The problem gambler faces several hurdles to recovery. First, he can find opportunities to satisfy his gambling addiction everywhere. Casinos continue to proliferate. There are lotteries in nearly every state. He can find betting pools for sports at most workplaces. Finally, he can find Meet Up groups that play poker on a regular basis. A person with a gambling problem must work hard to avoid satisfying his compulsion in today’s environment. Fortunately, there are many opportunities for gambling therapy these days, too.
Our facility uses a number of therapeutic programs to address compulsive gambling. Hypnotherapy and trauma therapy help the gambler to understand the source of his addiction. Coping therapy and family therapy provide the person dealing with a compulsive gambling problem with tools and support for avoiding the activity. Each patient responds differently to the various therapies.
In the last ten years, studies have shown success using a therapy called Mindfulness to treat compulsive gambling. Mindfulness derives from Buddhism, though many modern treatment programs have no religious components. A person who practices the technique learns to live in and appreciate all aspects of the present moment without passing judgment.
The idea of living in the present without judgment is useful in combating a gambling problem. A gambling addict lives for the excitement of the next big score, maintaining overconfidence and low risk aversion, which supports the gambler’s belief that this score is just around the corner. The gambler develops urges based on these misperceptions. A gambling addict can use mindfulness to combat these urges and misperceptions merely by focusing on the moment without judgment of the urges and accompanying beliefs. The person will develop the ability to become aware of the urge and then observe it objectively, almost commenting to himself, “Hmm, that’s interesting. I’m having an urge to gamble.” Mindfulness enables the addict to look at the urge in the present and without judgment.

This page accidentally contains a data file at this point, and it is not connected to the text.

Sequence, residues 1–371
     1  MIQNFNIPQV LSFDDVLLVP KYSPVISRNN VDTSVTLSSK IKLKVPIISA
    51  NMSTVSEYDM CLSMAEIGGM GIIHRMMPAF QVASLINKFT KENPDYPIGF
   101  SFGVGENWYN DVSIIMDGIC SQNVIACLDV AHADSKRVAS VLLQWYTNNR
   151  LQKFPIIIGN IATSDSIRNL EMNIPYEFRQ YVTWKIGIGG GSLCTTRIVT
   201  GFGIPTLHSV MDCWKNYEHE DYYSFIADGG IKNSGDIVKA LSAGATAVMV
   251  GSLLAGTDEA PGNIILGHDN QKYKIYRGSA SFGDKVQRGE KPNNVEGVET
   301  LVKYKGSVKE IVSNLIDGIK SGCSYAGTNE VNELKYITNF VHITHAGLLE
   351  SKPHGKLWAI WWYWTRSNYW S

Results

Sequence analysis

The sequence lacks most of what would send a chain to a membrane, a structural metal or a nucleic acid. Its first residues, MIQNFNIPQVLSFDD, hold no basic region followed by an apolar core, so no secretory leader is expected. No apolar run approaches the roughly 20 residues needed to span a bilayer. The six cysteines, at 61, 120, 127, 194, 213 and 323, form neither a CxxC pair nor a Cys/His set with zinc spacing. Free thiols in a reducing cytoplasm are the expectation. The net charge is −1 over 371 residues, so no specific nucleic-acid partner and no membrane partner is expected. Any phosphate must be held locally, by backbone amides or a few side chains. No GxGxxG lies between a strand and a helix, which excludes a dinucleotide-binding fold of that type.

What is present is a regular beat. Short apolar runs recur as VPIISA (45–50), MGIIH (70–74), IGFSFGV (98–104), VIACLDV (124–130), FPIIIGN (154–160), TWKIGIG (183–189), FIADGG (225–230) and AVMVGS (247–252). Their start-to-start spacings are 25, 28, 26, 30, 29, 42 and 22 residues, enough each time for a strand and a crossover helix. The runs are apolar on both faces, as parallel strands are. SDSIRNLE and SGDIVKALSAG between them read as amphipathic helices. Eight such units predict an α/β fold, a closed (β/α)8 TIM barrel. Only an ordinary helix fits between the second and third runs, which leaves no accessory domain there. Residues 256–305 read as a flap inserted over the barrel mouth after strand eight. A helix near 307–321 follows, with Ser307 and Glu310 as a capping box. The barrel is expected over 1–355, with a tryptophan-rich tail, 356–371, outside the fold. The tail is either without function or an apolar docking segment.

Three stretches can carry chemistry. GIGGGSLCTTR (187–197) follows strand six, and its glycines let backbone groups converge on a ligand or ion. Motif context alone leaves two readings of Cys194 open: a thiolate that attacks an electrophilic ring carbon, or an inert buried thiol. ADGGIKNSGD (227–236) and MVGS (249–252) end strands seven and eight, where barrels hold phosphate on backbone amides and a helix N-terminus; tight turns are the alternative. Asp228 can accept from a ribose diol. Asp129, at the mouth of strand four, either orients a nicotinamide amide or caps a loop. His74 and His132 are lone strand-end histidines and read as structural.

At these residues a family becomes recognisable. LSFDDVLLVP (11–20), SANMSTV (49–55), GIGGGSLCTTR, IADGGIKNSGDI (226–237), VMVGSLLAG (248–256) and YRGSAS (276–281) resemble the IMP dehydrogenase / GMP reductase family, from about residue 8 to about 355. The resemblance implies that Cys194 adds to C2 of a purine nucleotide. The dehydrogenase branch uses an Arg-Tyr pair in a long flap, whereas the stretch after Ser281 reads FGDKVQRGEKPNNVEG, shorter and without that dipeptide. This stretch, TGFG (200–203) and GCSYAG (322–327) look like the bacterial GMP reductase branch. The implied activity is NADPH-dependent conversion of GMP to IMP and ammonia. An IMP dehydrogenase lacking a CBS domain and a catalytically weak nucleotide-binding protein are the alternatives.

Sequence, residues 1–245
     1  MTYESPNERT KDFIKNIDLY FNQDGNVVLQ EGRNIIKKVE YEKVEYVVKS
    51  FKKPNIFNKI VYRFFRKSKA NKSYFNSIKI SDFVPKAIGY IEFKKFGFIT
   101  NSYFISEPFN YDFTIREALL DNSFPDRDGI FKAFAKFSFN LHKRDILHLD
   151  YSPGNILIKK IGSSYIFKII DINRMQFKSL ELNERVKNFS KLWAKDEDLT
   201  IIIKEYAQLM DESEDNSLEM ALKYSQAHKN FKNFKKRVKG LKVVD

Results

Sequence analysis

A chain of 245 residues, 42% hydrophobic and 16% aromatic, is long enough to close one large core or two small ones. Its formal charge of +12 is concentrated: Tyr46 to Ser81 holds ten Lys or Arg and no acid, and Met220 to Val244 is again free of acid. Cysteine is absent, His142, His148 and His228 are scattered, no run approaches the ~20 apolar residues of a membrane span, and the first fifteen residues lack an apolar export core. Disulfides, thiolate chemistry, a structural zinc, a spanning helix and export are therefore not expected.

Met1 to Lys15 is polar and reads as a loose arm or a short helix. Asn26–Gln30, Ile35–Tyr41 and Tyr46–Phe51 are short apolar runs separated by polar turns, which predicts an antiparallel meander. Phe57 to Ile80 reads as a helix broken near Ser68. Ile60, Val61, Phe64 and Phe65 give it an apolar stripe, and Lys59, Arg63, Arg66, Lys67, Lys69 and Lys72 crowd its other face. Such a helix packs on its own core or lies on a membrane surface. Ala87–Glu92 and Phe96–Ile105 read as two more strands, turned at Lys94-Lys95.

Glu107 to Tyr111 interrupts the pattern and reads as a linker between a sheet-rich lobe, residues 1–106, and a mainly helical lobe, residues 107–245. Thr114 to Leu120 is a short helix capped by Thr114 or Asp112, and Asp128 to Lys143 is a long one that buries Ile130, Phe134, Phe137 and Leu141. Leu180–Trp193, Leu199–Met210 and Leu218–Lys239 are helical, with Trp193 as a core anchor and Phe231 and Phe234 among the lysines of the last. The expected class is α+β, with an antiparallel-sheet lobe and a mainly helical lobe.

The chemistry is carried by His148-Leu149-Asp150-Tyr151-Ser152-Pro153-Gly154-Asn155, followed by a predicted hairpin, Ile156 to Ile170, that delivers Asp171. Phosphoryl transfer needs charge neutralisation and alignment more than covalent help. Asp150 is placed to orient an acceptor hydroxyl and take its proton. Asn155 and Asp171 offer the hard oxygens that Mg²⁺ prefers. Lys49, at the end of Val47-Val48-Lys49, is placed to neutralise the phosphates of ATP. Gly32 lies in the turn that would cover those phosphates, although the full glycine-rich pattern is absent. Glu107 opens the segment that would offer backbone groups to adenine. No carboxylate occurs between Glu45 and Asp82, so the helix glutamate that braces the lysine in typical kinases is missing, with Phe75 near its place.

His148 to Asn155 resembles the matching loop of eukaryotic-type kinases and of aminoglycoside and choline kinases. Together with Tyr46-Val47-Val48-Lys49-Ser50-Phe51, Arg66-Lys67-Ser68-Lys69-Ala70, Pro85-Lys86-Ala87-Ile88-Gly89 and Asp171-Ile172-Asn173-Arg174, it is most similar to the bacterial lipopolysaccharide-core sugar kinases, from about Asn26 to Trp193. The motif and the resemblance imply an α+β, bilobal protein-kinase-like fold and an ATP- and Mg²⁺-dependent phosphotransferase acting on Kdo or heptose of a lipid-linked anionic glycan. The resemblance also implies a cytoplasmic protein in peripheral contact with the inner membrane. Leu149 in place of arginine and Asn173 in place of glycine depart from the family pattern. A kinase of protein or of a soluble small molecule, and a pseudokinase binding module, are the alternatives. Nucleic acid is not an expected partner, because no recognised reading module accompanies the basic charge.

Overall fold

Studies at Nottingham Trent University show lower relapse rates using mindfulness for gambling therapy versus other forms of therapy. Part of the reason is that mindfulness focuses on the present and acceptance of oneself. Such an approach allows the practitioner to identify and deal with the gambling urge when it comes. Mindfulness also enables the practitioner to appreciate each moment, leaving less opportunity to think about or desire hitting the casino or racetrack.
When combined with all of the therapies at our center, mindfulness can produce very effective results.